Cairo: Criticised by the opposition for allegedly failing to keep his election promises, Islamist President Mohammad Mursi on Saturday night showed up at Cairo Stadium to celebrate the 39th anniversary of a military victory long claimed by his toppled predecessor Hosni Mubarak.
As thousands of his supporters who packed the country’s largest stadium tumultuously greeted him, Mursi toured the place in a convertible car. “The October war ushered the nation and the people into new, vast prospects,” said Mursi in a televised address, referring to Egypt’s 1973 war against Israel. The celebration was the first since Mursi was inaugurated in June as Egypt’s first elected civilian president.
Without mentioning Mubarak’s name, Mursi said the popular revolt that deposed the long-time strongman more than a year ago, came to “say no to the one who attempted to exploit the October spirit to the benefit of very few”.
Mursi, who hails from the powerful Muslim Brotherhood, called the anti-Mubarak revolt Egypt’s “second crossing”, invoking the Egyptian army’s crossing of the Suez Canal into Sinai at the beginning of its 1973 surprise attack on Israel. “The third crossing came on June 30 when the Armed Forces handed over power to an elected administration,” he added.
The military took over after Mubarak’s ouster and ruled the country through a turbulent 17-month transitional period. Nearly two months after his inauguration as a president, Mursi replaced the top military generals, including the head of the Supreme Council for Armed Forces Hussain Tantawi.
None of the sacked generals appeared at Saturday’s ceremony. Still, Mursi repeatedly lauded the army for being “united with the people” during the uprising against Mubarak.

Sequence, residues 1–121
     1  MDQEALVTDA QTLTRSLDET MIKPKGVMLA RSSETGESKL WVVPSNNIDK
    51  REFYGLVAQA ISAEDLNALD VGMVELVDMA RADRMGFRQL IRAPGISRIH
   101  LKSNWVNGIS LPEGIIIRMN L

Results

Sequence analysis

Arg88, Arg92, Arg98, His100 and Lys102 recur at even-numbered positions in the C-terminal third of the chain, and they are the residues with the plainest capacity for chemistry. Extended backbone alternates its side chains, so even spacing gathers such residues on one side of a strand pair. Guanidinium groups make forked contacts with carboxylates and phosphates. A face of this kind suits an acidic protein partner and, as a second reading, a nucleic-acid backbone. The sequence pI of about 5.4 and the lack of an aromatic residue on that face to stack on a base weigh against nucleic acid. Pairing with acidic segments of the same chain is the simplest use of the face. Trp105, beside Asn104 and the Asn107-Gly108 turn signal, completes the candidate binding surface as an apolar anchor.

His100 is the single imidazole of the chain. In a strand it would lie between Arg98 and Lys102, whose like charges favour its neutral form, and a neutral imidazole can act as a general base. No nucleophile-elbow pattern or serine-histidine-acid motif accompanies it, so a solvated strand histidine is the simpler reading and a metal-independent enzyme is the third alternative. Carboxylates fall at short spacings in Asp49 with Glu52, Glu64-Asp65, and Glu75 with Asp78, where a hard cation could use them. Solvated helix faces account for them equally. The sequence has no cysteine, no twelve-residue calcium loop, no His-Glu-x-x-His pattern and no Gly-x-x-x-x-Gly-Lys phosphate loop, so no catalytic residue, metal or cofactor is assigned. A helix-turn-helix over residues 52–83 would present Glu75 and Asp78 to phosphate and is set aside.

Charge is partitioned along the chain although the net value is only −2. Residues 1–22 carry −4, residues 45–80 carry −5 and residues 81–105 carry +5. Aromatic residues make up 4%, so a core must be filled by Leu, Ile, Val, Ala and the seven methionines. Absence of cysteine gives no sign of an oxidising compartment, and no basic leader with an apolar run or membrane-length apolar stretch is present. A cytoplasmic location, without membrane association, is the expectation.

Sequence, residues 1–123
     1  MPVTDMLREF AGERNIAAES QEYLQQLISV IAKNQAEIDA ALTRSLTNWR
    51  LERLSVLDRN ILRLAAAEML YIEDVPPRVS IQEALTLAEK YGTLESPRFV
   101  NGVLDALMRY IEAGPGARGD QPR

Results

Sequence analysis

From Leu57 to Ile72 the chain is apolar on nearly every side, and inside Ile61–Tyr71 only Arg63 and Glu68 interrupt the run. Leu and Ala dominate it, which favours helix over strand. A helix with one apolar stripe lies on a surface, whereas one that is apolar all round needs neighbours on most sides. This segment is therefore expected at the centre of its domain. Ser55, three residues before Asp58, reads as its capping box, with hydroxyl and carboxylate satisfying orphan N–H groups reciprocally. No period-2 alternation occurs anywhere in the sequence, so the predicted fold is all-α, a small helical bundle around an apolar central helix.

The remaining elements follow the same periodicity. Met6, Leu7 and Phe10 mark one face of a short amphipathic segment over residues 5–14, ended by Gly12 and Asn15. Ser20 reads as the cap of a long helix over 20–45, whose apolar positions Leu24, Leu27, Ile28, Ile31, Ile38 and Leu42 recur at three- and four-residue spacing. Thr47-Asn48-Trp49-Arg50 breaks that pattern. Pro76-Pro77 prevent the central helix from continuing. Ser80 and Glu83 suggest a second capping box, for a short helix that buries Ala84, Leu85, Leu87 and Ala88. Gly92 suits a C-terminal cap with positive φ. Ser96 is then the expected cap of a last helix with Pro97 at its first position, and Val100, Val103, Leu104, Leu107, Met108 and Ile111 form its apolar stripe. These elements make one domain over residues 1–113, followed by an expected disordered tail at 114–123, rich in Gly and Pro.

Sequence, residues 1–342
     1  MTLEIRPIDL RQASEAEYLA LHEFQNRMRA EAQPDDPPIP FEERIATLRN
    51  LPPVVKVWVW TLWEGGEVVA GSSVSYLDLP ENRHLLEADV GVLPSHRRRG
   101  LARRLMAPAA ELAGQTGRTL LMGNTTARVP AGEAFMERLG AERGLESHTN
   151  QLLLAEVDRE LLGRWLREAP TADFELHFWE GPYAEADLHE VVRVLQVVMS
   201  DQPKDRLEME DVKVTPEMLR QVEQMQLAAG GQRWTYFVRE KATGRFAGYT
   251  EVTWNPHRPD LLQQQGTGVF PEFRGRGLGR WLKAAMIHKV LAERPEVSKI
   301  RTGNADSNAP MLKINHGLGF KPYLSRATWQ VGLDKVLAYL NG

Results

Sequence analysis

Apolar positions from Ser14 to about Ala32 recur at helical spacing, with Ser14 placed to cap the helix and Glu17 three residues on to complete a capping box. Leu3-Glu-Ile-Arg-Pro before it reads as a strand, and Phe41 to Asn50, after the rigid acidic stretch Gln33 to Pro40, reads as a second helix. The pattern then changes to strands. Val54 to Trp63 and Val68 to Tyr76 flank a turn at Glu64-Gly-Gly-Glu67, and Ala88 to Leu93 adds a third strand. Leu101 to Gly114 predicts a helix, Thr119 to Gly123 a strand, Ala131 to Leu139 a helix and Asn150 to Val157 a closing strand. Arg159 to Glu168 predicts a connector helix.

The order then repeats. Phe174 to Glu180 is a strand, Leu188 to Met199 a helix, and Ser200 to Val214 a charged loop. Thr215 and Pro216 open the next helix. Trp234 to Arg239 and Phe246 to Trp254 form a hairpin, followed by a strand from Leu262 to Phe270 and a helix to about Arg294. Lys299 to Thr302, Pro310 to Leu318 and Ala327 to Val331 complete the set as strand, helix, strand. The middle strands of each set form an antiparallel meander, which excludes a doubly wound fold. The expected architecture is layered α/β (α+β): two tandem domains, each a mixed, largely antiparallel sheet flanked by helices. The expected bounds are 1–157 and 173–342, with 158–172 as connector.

Days before the Cairo Stadium gala, Mursi posthumously bestowed a prestigious medal on Anwar Sadat, who was Egypt’s president at the time of the 1973 war. Sadat was assassinated by Muslim militants at a military parade in Cairo in 1981.
“President Mursi seems keen to benefit from this military accomplishment to boost his stature,” said Hassan Nafae, a political science professor. “His gesture towards Sadat was good. The Muslim Brotherhood recognises the favours done to them by Sadat. But he [Mursi] should have also remembered [the late president Jamal Abdul] Nasser for having rebuilt the army after the 1967 defeat,” added Nafae.
The Muslim Brotherhood was outlawed in 1954 following an assassination bid on Nasser’s life blamed on the group.
Mursi used his Saturday address to defend his performance in the first 100 days in office, saying that around 75 per cent of his promises on improving security, garbage collection, the chaotic traffic, availability of fuel and bread have been fulfilled. “This nation, the people, the army and the president are moving towards one objective: a new Egypt,” he said.
Mubarak, who used to be described in the official media as the “commander of the first airstrike” in the 1973 war, was totally ignored on this year’s occasion.
The former president is currently serving a life sentence in a prison near Cairo after convicted of involvement in the killing of hundreds of protesters.
Angered at what they see as deliberate omission of Mubarak’s role in the war, scores of his supporters on Saturday gathered outside the prison and greeted him. “Hosni Mubarak is a pilot. Down with anyone insulting him!” they chanted.
Mubarak, 84, was the chief of the air force during the war. He was Egypt’s fourth president to come from the army.